known application protocol, they do not do anything with it.
So, they are probably good for HTTP/FTP/Samba etc.
Riverbed does not care for applications (they still support application
based acceleration, but they also support non standard stuff). They take
something along the lines of data hashes and store them (along with data
course). They just store raw bytes as opposed to a let's say a file. That
played out well when I had to make a decision about which brand to
for the company that had a homegrown application. So in a nutshell,
improved performance of that application (as well as all the standard
players like HTTP/FTP etc), while cicso said outright that they won't.
The current gen of WAAS works this way as well. The accelerators are
configurable for defined services along with a default profile. There are
several accelerators that are applied to each connection, starting with the
most basic TCP session optimization for window sizes and other per packet
It then applies raw data optimizations such as the raw 'bit' database you
mentioned, each WAE will attempt to find the largest unique run of bits and
create a hash for that sequence and store it in it's local database which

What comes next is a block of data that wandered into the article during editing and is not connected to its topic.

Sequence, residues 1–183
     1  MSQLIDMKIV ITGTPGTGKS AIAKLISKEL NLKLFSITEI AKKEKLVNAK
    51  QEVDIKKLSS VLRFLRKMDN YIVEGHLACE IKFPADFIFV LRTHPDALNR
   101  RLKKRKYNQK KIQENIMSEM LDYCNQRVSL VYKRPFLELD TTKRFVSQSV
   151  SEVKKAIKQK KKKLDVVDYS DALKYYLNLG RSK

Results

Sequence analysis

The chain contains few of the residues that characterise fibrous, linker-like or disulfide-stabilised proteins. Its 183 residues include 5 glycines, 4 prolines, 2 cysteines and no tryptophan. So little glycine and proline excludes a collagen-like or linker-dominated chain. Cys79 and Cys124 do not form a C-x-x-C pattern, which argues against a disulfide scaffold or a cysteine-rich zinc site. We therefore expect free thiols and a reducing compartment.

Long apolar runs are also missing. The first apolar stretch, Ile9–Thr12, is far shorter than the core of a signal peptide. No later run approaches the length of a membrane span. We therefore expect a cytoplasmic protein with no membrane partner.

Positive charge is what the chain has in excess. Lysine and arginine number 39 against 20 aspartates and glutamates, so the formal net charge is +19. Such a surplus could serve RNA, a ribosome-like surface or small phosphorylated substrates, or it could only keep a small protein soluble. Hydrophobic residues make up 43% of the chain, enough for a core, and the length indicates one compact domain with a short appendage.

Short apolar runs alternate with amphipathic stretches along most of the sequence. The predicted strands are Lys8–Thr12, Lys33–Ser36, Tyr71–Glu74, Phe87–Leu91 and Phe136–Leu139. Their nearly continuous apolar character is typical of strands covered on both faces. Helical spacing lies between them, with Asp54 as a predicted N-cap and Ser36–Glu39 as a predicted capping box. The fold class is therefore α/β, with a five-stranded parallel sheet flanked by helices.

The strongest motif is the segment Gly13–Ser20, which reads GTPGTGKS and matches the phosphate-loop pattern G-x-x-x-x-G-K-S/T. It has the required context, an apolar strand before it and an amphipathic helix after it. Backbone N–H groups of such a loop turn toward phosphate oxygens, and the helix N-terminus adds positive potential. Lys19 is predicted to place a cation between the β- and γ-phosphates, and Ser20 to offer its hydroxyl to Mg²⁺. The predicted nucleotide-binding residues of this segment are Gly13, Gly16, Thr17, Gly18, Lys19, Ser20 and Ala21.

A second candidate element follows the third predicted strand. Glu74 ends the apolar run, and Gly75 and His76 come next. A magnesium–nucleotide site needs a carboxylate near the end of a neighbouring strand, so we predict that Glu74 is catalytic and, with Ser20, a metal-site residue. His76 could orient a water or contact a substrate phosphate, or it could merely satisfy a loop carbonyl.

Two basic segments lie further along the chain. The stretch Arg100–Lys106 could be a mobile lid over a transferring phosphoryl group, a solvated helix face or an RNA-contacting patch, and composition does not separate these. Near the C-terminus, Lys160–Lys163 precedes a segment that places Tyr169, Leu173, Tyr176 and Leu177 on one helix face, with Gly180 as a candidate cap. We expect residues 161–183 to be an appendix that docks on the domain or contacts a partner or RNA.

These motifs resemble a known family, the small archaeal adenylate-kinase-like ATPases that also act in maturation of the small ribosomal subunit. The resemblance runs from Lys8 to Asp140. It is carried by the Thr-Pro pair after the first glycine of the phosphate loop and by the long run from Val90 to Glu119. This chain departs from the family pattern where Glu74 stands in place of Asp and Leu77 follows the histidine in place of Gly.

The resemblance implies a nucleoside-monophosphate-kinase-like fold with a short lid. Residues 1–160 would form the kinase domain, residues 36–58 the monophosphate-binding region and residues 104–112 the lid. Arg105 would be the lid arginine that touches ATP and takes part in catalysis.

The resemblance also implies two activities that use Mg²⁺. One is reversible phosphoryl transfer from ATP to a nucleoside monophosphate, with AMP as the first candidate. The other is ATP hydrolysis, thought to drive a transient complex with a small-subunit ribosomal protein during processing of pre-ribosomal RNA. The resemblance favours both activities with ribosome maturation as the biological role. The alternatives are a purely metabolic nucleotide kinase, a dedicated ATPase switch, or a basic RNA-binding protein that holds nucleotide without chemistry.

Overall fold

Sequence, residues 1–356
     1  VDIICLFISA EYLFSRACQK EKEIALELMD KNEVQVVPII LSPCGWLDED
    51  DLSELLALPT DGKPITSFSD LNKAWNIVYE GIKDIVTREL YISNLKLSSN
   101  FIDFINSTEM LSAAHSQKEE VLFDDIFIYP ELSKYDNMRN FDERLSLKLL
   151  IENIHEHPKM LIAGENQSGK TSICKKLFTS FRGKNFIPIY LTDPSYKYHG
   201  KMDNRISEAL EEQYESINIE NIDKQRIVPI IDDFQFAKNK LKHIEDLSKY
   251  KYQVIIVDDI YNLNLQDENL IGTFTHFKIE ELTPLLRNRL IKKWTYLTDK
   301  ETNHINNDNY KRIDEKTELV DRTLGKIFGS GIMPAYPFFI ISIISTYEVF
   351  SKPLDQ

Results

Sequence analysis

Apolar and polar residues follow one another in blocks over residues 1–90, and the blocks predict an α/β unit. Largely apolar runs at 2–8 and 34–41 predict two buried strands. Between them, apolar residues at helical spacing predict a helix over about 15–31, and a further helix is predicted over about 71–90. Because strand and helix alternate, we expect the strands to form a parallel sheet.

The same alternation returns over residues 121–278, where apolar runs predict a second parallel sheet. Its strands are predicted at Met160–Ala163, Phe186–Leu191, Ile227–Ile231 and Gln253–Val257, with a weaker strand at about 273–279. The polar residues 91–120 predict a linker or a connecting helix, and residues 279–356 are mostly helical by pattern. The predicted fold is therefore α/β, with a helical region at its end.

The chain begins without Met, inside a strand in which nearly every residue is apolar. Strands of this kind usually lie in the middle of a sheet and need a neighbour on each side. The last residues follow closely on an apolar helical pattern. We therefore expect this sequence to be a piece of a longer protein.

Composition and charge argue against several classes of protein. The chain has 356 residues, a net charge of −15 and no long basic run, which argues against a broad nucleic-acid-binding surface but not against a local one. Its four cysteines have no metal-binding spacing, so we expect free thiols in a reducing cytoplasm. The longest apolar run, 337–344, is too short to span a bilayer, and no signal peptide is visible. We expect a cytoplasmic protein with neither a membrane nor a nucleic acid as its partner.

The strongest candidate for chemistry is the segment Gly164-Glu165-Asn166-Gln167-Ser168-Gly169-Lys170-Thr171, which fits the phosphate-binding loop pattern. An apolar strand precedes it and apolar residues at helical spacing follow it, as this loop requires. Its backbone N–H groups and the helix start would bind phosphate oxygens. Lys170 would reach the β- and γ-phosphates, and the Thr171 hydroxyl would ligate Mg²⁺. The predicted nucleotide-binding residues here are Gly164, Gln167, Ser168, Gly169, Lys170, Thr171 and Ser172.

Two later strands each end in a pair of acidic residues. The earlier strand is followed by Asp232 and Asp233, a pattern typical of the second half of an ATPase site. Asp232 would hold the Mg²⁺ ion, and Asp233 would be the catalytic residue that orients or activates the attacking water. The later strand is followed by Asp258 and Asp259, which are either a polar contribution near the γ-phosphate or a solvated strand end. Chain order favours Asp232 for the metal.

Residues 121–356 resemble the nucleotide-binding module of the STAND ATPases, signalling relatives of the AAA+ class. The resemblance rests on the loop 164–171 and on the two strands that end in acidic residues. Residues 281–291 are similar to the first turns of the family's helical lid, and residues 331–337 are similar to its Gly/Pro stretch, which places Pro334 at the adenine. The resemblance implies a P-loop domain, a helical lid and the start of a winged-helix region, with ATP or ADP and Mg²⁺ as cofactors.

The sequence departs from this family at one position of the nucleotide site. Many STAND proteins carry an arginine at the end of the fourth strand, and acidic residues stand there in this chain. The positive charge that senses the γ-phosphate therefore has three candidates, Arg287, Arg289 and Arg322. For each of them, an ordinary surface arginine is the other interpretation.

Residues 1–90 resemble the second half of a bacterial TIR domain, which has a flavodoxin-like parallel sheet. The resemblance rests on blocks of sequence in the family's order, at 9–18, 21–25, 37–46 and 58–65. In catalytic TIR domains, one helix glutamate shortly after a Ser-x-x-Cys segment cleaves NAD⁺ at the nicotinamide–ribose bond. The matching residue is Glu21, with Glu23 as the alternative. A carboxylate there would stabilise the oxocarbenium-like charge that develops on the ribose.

decays based on time and hit count. If both WAE's in the path have this
hash that is all that needs to be sent, otherwise it sends the entire
payload, which will then be cached on the second WAE going forward for
repeat occurrences (cache expiration not withstanding...). It can also do
LZ compression on the full payload when it needs to send it.
After that there are application protocol accelerators for common protocols
like CIFS, HTTP, etc. These work on the session level and act as
transparent proxies for the protocols and can include file cache's on the
WAE. For other protocols like MS Video live streams, it can turn a
uni-cast session from multiple clients into a single session up to the video
server instead of multiple connections from each client.
You also have the option with these to push server certificates and private
keys into the WAAS system with the Central Manager, which allows transparent
SSL/TLS acceleration for internal applications along with encrypted local
storage on the WAEs.